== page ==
“Anyone can become an inventor as long as they keep an open and inquiring mind and never overlook the possible significance of an accident or apparent failure.”
– Patsy Sherman
In 1953, two 3M scientists attempted to develop a new type of rubber for use in jet aircraft fuel lines.
Instead, they stumbled upon a substance that put heinous plastic seat covers to shame.
That’s right: Scotchgard is yet another revolutionary product that was invented completely by mistake.
It happened one fine day as Patsy Sherman and Sam Smith toiled away on their experimental compound. As the story goes, a lab assistant dropped a bottle of the substance all over her lab shoes and quickly became annoyed that she couldn’t clean it off with soap, alcohol or any solvent.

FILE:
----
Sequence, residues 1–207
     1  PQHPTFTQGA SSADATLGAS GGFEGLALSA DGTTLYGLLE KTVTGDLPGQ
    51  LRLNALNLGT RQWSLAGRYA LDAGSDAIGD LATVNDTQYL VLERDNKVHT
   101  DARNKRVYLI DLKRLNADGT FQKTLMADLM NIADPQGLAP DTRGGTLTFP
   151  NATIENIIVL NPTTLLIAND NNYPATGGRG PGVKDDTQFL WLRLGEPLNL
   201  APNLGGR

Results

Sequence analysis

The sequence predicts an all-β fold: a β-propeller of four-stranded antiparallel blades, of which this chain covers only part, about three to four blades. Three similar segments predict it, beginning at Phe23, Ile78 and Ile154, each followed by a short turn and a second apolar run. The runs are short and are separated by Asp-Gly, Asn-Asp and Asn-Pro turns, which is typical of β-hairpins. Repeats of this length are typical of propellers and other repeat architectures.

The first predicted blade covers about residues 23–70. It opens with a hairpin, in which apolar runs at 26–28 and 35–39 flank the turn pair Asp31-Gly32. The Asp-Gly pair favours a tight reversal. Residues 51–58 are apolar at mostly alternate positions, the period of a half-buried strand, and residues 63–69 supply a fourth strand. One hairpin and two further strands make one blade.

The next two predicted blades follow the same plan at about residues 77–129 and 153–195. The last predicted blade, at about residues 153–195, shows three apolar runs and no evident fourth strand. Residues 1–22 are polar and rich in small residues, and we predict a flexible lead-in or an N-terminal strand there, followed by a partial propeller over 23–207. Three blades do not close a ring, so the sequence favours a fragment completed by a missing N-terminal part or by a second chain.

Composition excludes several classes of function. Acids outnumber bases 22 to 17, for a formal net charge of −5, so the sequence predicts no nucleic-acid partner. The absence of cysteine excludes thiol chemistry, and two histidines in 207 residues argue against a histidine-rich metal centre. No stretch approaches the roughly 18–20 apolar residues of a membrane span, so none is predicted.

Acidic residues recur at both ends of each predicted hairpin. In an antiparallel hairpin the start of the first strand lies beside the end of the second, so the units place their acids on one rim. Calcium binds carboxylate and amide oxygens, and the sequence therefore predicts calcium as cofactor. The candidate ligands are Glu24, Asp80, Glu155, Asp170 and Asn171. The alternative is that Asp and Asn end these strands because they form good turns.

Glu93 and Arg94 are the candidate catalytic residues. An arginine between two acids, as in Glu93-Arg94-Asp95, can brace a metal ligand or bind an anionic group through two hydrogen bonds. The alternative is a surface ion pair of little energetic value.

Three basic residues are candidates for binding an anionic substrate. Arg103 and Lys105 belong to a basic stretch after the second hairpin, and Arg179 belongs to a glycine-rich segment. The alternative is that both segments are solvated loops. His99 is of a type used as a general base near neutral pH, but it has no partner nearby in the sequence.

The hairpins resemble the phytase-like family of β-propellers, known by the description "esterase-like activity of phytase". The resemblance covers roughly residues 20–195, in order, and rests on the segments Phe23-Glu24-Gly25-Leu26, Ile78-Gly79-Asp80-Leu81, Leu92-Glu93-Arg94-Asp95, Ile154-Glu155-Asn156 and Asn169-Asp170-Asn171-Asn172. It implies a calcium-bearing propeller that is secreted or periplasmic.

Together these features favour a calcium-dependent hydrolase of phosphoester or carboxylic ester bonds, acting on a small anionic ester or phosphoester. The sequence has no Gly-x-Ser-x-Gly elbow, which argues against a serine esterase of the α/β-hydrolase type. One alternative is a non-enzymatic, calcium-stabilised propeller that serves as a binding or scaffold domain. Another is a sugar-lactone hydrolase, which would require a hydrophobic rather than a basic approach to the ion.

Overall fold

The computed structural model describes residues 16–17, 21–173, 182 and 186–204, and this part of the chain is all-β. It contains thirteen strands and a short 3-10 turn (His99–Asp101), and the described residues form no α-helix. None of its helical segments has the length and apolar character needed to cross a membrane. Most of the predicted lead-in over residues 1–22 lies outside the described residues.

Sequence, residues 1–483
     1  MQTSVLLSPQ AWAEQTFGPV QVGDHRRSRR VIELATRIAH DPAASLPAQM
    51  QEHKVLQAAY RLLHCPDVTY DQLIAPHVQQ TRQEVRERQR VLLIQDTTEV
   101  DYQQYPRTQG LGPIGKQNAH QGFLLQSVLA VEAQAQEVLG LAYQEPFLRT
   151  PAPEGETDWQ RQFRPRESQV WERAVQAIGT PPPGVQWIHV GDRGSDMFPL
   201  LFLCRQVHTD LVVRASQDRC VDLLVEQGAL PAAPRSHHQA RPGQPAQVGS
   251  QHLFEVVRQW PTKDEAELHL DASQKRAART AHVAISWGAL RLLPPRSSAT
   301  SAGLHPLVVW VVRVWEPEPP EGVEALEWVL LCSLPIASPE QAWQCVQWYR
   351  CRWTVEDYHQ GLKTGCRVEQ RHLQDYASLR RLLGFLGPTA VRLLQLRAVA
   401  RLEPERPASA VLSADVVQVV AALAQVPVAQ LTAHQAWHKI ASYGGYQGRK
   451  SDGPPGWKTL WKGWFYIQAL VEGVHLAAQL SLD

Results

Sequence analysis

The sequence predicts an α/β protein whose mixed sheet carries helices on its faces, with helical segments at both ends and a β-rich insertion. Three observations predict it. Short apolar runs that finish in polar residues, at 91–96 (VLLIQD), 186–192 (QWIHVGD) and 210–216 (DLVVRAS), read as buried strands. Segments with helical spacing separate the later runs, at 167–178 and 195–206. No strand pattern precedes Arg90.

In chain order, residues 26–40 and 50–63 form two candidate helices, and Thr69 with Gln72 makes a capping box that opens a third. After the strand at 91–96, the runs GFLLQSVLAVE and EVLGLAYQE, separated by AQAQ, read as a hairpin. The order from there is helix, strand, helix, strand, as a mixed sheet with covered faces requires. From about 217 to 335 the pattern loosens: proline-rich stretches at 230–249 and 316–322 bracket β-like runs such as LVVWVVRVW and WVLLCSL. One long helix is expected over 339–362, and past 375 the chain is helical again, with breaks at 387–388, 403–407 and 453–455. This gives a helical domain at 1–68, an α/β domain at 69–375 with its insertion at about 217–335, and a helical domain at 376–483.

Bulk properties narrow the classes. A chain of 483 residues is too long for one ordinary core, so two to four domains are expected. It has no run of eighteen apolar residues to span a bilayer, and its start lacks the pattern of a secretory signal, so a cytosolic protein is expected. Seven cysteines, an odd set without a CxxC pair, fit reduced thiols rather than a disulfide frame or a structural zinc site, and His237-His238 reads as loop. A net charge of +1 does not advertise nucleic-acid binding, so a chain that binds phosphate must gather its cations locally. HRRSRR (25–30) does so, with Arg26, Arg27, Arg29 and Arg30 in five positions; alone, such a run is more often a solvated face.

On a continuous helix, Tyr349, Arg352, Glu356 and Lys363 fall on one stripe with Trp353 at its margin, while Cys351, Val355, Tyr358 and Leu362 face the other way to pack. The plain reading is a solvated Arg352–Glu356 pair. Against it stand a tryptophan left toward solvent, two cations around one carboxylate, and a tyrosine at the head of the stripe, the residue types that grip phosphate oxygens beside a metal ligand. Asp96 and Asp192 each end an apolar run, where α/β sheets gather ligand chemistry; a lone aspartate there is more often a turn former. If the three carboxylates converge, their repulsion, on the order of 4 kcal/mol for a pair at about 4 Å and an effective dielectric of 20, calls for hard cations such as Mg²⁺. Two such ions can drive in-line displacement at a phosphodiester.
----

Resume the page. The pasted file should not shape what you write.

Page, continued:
As the assistant’s frustration increased, so did Ms. Sherman’s fascination.
The new fluorochemical rubber was not only resistant to removal, it was also repellant water, oil, and other liquids.
Sherman and Smith did extensive research on the compound over the next few years. This research led to the development of the fabric stain repellent and material protector known as Scotchgard. The product was first available in 1956 but it was not until 1971 that they received a patent for the product.
On April 13, 1971, Smith and Sherman were granted U.S. patent #3,574,791 for Block and Graft Copolymers Containing Water-Solvable Polar Groups and Fluoroaliphaitc Groups.
For her innovative contributions, Sherman was inducted into the Minnesota Inventors Hall of Fame in 1983. Together Sherman and Smith hold 13 patents in fluorochemical polymers and polymerization processes.